Bullish trades abound in Cypress Semiconductor options today, most notably a massive bull call spread initiated in the July expiry contracts. One strategist appears to have purchased 30,000 of the Jul 16.0 strike calls at a premium of $0.89 each and sold the same number of Jul 19.0 strike calls at a premium of $0.22 apiece. Net premium paid to put on the spread amounts to $0.67 per contract, thus establishing a breakeven share price of $16.67 on the trade. Cypress shares reached a 52-week high of $16.25 back on Friday, March 13th, and would need to rally 4.6% over the current level to exceed the breakeven point of $16.25. The spread generates maximum potential profits of $2.33 per contract in the event that CY shares surge more than 20% in the next four months to reach $19.00 by July expiration. Shar...
Reminder: Pharmboy is available to chat with Members, comments are found below each post.
PSW Members - well, what a year for biotechs! The Biotech Index (IBB) is up a whopping 40%, beating the S&P hands down! The healthcare sector has had a number of high flying IPOs, and beat the Tech Sector in total nubmer of IPOs in the past 12 months. What could go wrong?
Phil has given his Secret Santa Inflation Hedges for 2015, and since I have been trying to keep my head above water between work, PSW, and baseball with my boys...it is time that something is put together for PSW on biotechs in 2015.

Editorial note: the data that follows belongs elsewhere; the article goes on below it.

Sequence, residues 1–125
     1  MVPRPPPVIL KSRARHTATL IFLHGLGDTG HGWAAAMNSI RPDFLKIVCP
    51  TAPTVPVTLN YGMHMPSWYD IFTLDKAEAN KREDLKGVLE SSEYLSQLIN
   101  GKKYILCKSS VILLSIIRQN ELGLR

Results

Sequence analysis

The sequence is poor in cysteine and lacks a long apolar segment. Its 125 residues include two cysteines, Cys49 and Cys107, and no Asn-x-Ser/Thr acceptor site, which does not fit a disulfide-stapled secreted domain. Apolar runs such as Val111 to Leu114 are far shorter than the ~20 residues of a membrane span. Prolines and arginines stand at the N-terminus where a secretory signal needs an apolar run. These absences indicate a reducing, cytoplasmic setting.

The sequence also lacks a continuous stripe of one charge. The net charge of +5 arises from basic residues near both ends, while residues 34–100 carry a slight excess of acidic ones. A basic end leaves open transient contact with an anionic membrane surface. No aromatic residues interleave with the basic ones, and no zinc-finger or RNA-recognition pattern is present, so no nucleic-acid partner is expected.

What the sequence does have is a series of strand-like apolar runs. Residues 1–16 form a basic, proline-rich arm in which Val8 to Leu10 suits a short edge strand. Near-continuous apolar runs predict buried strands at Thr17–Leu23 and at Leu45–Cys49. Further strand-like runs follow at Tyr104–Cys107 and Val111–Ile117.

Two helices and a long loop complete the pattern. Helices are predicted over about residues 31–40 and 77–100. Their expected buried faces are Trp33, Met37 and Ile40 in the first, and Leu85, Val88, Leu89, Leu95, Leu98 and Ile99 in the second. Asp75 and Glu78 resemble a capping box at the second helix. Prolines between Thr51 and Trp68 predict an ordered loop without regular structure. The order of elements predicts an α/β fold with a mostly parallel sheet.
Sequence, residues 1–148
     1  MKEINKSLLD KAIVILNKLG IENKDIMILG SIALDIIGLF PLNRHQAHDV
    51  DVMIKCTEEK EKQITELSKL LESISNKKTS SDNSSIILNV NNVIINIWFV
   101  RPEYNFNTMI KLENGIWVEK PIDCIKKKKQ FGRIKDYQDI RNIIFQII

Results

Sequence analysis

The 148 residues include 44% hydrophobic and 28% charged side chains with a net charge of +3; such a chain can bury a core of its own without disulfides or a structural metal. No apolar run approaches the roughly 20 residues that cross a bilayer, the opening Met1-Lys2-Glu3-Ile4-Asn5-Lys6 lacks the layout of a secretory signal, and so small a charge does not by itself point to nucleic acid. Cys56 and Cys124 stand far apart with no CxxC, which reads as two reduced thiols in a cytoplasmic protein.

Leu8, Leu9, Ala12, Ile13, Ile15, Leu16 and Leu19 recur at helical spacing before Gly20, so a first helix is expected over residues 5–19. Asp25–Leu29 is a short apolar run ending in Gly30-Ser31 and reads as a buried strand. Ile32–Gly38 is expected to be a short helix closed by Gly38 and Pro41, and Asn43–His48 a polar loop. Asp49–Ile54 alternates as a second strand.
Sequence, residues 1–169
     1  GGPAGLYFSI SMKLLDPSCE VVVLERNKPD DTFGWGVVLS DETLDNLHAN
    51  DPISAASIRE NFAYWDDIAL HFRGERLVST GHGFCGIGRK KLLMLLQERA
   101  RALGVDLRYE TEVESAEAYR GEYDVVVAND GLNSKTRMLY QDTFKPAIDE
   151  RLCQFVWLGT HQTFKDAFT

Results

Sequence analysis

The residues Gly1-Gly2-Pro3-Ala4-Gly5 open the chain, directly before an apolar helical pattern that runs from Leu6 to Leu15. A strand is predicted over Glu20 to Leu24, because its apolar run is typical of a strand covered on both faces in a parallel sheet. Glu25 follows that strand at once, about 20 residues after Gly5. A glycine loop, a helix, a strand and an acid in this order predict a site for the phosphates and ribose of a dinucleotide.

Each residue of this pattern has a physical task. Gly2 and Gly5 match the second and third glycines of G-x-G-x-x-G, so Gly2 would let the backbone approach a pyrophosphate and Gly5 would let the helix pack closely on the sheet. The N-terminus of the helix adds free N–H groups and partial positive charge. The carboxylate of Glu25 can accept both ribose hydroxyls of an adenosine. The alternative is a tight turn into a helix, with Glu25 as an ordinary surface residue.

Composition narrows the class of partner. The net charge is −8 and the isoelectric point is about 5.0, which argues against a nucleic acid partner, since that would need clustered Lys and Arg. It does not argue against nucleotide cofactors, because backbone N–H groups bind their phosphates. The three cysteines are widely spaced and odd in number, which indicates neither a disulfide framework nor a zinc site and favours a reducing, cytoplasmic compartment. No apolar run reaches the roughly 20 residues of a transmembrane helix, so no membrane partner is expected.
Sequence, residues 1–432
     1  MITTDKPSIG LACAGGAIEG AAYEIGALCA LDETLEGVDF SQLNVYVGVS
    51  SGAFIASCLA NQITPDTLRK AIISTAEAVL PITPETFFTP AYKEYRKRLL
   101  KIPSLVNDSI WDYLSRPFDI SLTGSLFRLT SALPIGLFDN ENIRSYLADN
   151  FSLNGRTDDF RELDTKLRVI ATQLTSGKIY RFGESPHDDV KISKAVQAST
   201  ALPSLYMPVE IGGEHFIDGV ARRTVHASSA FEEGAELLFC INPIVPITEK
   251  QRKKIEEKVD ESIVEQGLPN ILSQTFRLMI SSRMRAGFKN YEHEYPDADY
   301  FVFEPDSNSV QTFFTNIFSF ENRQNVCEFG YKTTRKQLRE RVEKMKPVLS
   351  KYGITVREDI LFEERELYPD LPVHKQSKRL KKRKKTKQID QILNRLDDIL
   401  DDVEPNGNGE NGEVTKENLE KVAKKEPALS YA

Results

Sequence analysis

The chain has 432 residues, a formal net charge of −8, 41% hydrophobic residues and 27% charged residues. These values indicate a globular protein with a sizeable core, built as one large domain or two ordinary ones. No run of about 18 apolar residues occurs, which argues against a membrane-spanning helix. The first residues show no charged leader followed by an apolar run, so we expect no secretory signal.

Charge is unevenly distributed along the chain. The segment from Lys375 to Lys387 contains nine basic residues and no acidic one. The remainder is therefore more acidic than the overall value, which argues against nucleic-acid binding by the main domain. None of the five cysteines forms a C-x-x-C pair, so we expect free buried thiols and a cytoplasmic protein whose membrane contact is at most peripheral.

Cancer and fibrosis remain two of the hottest areas for VC backed biotechs to invest their monies. A number of companies have gone IPO which have drugs/technologies that fight cancer, includin...
This is a non-trading topic, but I wanted to post it during trading hours so as many eyes can see it as possible. Feel free to contact me directly at firstname.lastname@example.org with any questions.
Last fall there was some discussion on the PSW board regarding setting up a YouCaring donation page for a PSW member, Shadowfax. Since then, we have been looking into ways to help get him additional medical services and to pay down his medical debts. After following those leads, we are ready to move ahead with the YouCaring site. (Link is posted below.) Any help you can give will be greatly appreciated; not only to help aid in his medical bill debt, but to also show what a great community this group is.